Sirius navigates historic visit to Norfolk Island

This article has photo gallery Published on SBLT Samuel Jackson-Maher (author)

Location(s): Norfolk Island

Seaman Communications and Information Systems Tristan Brooker; Able Seaman Maritime Logistics - Support Operations Jessica Gunning and Able Seaman Marine Technician Mitchell Davis share insights into Navy life with students at Norfolk Island Central School (photo: )
Seaman Communications and Information Systems Tristan Brooker; Able Seaman Maritime Logistics - Support Operations Jessica Gunning and Able Seaman Marine Technician Mitchell Davis share insights into Navy life with students at Norfolk Island Central School

The ship's company of HMAS Sirius marked an important event in Australia’s maritime history when the Royal Australian Navy support vessel visited Norfolk Island in late March. 
 
The visit commemorated 226 years since her namesake and flagship of the First Fleet, HMS Sirius struck a reef and sank near the island on 19 March 1790. 
 
She was the first ship wrecked in Australian waters after the arrival of the First Fleet. No lives were lost and, thankfully for the near starving residents of Norfolk Island, most of her cargo was salvaged before the ship broke apart.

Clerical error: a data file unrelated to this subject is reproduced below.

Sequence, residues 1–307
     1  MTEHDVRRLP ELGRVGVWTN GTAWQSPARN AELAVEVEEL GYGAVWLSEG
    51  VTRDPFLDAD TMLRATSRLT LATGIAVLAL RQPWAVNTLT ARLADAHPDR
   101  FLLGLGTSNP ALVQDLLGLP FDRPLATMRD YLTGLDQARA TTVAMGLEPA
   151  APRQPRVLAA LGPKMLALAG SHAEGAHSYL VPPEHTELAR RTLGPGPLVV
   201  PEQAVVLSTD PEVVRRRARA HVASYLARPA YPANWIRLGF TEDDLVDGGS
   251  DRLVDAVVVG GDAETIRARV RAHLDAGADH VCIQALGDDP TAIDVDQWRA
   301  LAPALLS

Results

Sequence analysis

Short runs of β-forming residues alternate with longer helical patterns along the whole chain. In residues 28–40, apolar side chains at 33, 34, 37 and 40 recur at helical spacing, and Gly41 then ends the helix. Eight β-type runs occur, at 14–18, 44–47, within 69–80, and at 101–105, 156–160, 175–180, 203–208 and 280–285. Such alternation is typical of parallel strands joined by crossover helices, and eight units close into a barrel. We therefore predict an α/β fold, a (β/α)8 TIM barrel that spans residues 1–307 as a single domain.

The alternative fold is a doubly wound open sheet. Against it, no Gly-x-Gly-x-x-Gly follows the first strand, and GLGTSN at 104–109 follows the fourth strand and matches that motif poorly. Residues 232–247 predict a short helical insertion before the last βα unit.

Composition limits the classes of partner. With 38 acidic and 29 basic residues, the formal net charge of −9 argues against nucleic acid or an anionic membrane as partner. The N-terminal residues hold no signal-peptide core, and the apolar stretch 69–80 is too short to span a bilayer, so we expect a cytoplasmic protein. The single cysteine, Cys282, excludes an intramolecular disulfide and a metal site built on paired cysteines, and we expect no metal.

Commanding Officer HMAS Sirius, Commander Michael Oborn, said it was also the first time his vessel had visited the island for the event. 
 
“It was a long overdue opportunity to re-establish the ship’s unique ties with Norfolk Island and for ship’s company to learn more about the historic bond," he said.
 
He and several members of ship’s company used the occasion to visit Norfolk Island Central School and answer students’ questions about life in the Navy.
 
Able Seaman Maritime Logistics - Support Operations Jessica Gunning said the children were engaging.
 
“It was a great experience; awesome to speak to the kids about their future and give them some ideas on what the Navy is like," she said.
 
"They were very interested in what we had to say."
 
The Norfolk Island community came out to welcome Sirius and her 60 crew members, organising tours of the former island penal colony.
 
Sirius
 is the first Royal Australian Navy ship to carry the name. HMS Sirius (I) was commissioned into the Royal Navy in 1780. 
 
Sirius
 was selected because of its historical connections with the First Fleet and the important role the ship played in providing logistic support to the struggling economy. Her motto is "to serve and provide".
 
For more information on the ship, vist her page on the Navy website http://www.navy.gov.au/hmas-sirius.